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Principles of representation: why you can't represent the same concept twice

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Principles of representation : why you can't represent the same concept twice. / Connell, Louise; Lynott, Dermot.

In: Topics in Cognitive Science, Vol. 6, No. 3, 07.2014, p. 390-406.

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Connell, Louise ; Lynott, Dermot. / Principles of representation : why you can't represent the same concept twice. In: Topics in Cognitive Science. 2014 ; Vol. 6, No. 3. pp. 390-406.

Bibtex

@article{7d765b0ecd974f0db3c9e9bc3f4990c4,
title = "Principles of representation: why you can't represent the same concept twice",
abstract = "As embodied theories of cognition are increasingly formalized and tested, care must be taken to make informed assumptions regarding the nature of concepts and representations. In this study, we outline three reasons why one cannot, in effect, represent the same concept twice. First, online perception affects offline representation: Current representational content depends on how ongoing demands direct attention to modality-specific systems. Second, language is a fundamental facilitator of offline representation: Bootstrapping and shortcuts within the computationally cheaper linguistic system continuously modify representational content. Third, time itself is a source of representational change: As the content of underlying concepts shifts with the accumulation of direct and vicarious experience, so too does the content of representations that draw upon these concepts. We discuss the ramifications of these principles for research into both human and synthetic cognitive systems.",
keywords = "Embodied cognition, Concepts, Representation, Perceptual simulation, Language, Linguistic shortcut, Embodied cognition;Concepts;Representation;Perceptual simulation;Language;Linguistic shortcut;Linguistic bootstrapping",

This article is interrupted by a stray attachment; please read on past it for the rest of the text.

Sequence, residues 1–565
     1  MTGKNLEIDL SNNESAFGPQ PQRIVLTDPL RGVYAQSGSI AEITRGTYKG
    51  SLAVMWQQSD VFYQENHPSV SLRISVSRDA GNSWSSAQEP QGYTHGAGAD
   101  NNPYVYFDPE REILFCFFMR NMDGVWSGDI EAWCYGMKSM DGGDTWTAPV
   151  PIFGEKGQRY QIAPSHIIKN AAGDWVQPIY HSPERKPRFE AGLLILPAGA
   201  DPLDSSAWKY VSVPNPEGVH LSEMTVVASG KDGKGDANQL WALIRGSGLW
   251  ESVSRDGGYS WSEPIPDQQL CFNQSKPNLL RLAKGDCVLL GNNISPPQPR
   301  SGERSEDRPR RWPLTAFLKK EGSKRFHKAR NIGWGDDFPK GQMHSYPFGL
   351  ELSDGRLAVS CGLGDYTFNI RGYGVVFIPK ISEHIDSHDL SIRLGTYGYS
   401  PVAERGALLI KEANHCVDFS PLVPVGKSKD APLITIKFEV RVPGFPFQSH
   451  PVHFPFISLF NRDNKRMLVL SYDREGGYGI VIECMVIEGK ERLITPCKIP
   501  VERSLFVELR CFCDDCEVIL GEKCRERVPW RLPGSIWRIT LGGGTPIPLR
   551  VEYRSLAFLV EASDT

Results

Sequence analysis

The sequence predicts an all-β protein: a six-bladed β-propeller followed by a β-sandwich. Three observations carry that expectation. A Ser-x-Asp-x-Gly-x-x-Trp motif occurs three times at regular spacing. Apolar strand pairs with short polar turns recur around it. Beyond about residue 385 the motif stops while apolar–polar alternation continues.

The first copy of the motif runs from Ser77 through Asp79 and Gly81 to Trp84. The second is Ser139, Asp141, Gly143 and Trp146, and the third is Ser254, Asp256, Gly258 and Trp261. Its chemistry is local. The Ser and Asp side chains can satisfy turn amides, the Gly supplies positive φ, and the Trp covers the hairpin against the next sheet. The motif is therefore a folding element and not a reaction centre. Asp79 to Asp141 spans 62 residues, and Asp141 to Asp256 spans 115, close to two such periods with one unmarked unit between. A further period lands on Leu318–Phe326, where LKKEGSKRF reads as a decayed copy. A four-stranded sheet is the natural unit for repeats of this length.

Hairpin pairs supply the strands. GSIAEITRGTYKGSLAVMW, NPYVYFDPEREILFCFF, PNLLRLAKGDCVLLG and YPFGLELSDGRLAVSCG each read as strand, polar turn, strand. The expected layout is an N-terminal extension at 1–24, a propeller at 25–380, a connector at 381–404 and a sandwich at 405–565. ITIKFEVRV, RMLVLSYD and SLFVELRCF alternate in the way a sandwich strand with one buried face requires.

author = "Louise Connell and Dermot Lynott",
year = "2014",
month = jul,
doi = "10.1111/tops.12097",
language = "English",
volume = "6",
pages = "390--406",
journal = "Topics in Cognitive Science",
issn = "1756-8757",
publisher = "Blackwell-Wiley",
number = "3",

}

RIS

TY - JOUR

T1 - Principles of representation

T2 - why you can't represent the same concept twice

AU - Connell, Louise

AU - Lynott, Dermot

PY - 2014/7

Y1 - 2014/7

N2 - As embodied theories of cognition are increasingly formalized and tested, care must be taken to make informed assumptions regarding the nature of concepts and representations. In this study, we outline three reasons why one cannot, in effect, represent the same concept twice. First, online perception affects offline representation: Current representational content depends on how ongoing demands direct attention to modality-specific systems. Second, language is a fundamental facilitator of offline representation: Bootstrapping and shortcuts within the computationally cheaper linguistic system continuously modify representational content. Third, time itself is a source of representational change: As the content of underlying concepts shifts with the accumulation of direct and vicarious experience, so too does the content of representations that draw upon these concepts. We discuss the ramifications of these principles for research into both human and synthetic cognitive systems.

AB - As embodied theories of cognition are increasingly formalized and tested, care must be taken to make informed assumptions regarding the nature of concepts and representations. In this study, we outline three reasons why one cannot, in effect, represent the same concept twice. First, online perception affects offline representation: Current representational content depends on how ongoing demands direct attention to modality-specific systems. Second, language is a fundamental facilitator of offline representation: Bootstrapping and shortcuts within the computationally cheaper linguistic system continuously modify representational content. Third, time itself is a source of representational change: As the content of underlying concepts shifts with the accumulation of direct and vicarious experience, so too does the content of representations that draw upon these concepts. We discuss the ramifications of these principles for research into both human and synthetic cognitive systems.

KW - Embodied cognition

KW - Concepts

KW - Representation

KW - Perceptual simulation

KW - Language

KW - Linguistic shortcut

KW - Embodied cognition;Concepts;Representation;Perceptual simulation;Language;Linguistic shortcut;Linguistic bootstrapping

U2 - 10.1111/tops.12097

DO - 10.1111/tops.12097

M3 - Journal article

C2 - 24895329

VL - 6

SP - 390

EP - 406

JO - Topics in Cognitive Science

JF - Topics in Cognitive Science

SN - 1756-8757

IS - 3

ER -